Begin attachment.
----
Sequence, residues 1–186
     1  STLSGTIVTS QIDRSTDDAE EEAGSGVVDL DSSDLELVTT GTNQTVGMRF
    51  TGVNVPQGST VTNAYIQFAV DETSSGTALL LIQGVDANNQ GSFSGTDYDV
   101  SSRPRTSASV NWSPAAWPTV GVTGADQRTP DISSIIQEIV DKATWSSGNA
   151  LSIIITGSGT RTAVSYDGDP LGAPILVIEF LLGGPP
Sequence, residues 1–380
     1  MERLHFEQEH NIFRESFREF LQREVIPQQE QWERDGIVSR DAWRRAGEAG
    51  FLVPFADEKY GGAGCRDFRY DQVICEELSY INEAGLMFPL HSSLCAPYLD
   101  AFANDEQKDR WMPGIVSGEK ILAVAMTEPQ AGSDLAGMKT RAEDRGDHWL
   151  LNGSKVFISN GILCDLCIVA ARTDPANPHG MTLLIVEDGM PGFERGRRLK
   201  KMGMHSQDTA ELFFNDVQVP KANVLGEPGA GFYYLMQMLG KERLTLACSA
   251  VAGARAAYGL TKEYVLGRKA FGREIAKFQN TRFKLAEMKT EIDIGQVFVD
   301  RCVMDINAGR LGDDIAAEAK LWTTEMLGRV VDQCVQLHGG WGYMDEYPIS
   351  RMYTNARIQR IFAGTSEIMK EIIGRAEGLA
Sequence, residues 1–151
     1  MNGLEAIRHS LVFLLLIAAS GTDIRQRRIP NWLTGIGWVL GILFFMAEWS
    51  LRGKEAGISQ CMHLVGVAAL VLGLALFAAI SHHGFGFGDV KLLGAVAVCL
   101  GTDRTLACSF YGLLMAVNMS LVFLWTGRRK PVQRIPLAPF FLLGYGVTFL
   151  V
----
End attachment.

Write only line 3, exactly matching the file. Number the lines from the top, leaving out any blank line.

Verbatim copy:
    51  TGVNVPQGST VTNAYIQFAV DETSSGTALL LIQGVDANNQ GSFSGTDYDV